Summer entertaining is always the easiest sort: throw together a salad, lay some meat over some fire, shove your guests into the backyard with a cooler full of beers and call it a day. But the fall and winter holidays require roasting, planning, and a little more effort. Here’s how to pull them off without going crazy before the new year.
Make a Playlist Early
It should be something you’ll enjoy getting ready to—a soundtrack for chopping carrots and trussing a bird—but also something that can seamlessly transition into your guests’ arrival. (So maybe avoid the “pump up the jam” genre.) Go for the classics like Fleetwood Mac or Bruce Springsteen, or something moody like Bossa Nova.
Tidy the Day Before
The number one rule of dinner parties is that preparation always takes longer than you expect. Don’t expect yourself to clean the house the day of—give yourself a little extra room to get your space ready. While you’re at it, set the table ahead of time too. Do this a day or two beforehand, and you’ll feel super prepared. You’ll also feel like your dining area is already in the dinner party mindset—like dressing for the job you want. (Here’s a handy cleaning checklist to run through before guests come over!)
Cheese Platters Are Always a Good Thing
It’s never a bad idea to have a cheese platter ready on the table when guests arrive. Include a soft cheese, a hard cheese, and a third wild card cheese to keep things interesting. Throw your favorite jam or chutney on the board too along with some raw or roasted nuts and your favorite olives (we love the green Castelvetrano ones). Have your cheese plane and cheese slicer waiting on the board too so guests feel invited to dig right in. Cheese platters immediately solve that what-snacks-should-I-serve dilemma and will save your butt if the main course is taking a little longer than expected.
Don’t Be Afraid to Outsource
Holiday meals are often big to-dos—there’s a lot of roasting, a lot of dishes on the table, and a lot of guests. So ask people to bring dishes, or do some work in the kitchen when they get there; they’ll be happy to contribute more than just a bottle of wine.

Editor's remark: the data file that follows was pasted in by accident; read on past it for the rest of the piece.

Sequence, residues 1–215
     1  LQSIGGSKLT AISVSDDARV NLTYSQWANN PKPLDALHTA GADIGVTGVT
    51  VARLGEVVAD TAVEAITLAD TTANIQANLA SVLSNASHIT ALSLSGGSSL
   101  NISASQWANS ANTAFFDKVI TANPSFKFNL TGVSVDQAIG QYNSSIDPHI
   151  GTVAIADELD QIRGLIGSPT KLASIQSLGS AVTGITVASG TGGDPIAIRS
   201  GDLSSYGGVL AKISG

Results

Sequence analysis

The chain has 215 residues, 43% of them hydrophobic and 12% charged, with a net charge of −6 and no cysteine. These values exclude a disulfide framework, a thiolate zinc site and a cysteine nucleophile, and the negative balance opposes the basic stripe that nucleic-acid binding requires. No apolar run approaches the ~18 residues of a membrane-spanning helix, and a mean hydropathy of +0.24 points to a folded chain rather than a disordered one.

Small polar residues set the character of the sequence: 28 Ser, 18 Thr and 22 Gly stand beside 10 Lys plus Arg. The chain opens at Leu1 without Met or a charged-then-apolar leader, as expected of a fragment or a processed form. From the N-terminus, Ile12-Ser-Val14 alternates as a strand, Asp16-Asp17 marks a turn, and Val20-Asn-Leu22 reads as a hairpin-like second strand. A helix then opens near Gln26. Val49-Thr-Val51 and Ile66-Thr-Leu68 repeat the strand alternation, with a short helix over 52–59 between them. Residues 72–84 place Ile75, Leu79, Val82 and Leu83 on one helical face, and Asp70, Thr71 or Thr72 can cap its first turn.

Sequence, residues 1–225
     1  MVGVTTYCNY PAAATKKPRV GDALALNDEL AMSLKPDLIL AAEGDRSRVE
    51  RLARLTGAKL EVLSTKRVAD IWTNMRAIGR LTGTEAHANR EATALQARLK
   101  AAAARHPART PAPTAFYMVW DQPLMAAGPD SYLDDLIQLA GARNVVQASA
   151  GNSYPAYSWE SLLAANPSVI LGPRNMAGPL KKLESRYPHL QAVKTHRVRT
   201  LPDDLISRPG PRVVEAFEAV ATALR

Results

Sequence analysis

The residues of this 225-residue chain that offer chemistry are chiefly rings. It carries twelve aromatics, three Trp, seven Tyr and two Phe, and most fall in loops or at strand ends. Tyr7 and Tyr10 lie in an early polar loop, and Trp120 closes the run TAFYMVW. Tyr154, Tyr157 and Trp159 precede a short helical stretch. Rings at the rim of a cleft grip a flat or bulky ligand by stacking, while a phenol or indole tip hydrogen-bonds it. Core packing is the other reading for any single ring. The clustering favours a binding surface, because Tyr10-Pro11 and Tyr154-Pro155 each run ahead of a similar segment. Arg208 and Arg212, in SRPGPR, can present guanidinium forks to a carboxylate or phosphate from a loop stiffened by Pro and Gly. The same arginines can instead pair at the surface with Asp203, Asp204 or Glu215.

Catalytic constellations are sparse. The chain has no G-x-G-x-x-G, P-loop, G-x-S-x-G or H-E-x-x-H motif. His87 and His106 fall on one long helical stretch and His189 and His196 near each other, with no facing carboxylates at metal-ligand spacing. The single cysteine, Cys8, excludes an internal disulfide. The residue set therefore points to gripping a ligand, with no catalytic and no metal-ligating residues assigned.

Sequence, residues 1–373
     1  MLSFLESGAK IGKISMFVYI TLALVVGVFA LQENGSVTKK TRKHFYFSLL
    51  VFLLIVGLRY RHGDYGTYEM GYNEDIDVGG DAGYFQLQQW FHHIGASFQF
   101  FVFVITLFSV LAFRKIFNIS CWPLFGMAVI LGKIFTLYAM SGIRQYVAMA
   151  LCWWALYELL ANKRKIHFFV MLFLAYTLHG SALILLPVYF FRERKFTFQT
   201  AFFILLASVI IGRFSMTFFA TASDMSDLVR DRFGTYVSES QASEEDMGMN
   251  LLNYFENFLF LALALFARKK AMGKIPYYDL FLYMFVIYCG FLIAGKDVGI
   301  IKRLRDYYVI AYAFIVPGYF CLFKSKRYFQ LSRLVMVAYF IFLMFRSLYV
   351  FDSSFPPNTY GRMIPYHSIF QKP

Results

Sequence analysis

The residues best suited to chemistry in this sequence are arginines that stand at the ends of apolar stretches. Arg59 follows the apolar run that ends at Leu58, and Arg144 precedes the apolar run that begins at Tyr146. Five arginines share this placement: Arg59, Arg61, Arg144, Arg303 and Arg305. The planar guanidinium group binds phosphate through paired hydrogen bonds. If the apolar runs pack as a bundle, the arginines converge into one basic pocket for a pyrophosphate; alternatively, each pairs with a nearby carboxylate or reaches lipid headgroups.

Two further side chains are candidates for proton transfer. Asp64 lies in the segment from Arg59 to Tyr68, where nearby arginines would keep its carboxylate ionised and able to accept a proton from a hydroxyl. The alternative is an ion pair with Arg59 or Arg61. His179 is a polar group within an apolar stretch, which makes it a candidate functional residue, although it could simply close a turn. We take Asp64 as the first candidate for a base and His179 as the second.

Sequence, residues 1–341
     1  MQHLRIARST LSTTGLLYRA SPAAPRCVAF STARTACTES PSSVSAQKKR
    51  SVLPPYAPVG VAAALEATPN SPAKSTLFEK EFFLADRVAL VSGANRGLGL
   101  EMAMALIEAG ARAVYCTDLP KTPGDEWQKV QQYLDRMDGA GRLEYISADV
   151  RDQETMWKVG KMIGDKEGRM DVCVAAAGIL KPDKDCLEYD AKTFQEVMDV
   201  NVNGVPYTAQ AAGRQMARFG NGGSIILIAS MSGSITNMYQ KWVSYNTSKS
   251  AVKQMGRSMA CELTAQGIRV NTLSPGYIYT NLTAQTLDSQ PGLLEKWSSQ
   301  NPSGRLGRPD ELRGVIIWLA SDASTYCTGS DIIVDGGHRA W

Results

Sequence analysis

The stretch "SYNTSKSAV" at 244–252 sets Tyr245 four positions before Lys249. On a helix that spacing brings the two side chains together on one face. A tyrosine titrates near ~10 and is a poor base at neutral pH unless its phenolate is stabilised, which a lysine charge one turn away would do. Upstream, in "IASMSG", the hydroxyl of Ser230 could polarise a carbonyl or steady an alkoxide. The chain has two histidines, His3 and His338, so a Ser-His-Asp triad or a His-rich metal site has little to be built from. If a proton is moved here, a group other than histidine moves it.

Pour Yourself a Beverage Before the First Guest Arrives
We’ve all been there: your first friend knocks on the door, you’re still in your sweats, your teeth haven’t been brushed, etc. Build in some time for yourself to sit and relax and have a glass of wine (or a mocktail!) before the rush begins.
Don’t Forget the Teetotalers
Some of your friends might not drink alcohol and some might only want a few glasses of wine. Keep some fancy sparkling water on hand (or ask someone to bring it) for those looking for something between a glass of water and five glasses of pinot noir.
Don’t Feel Obligated to Crowd Your Home with Pumpkins and Turkeys
Yes, a bit of decor is nice, but you shouldn’t have to go all-out on a tablescape if that’s not your thing, or not within your budget. A nice seasonal tablecloth and some tall tapered (unscented candles!) will go a long way.
Stock up on To-go Containers
Leftovers can be a burden on a host if your fridge is already feeling chaotic, so grab some SNAP containers to send your guests home with something for tomorrow’s lunch. You’ll be lightening your load while reminding your guests how delicious that party was.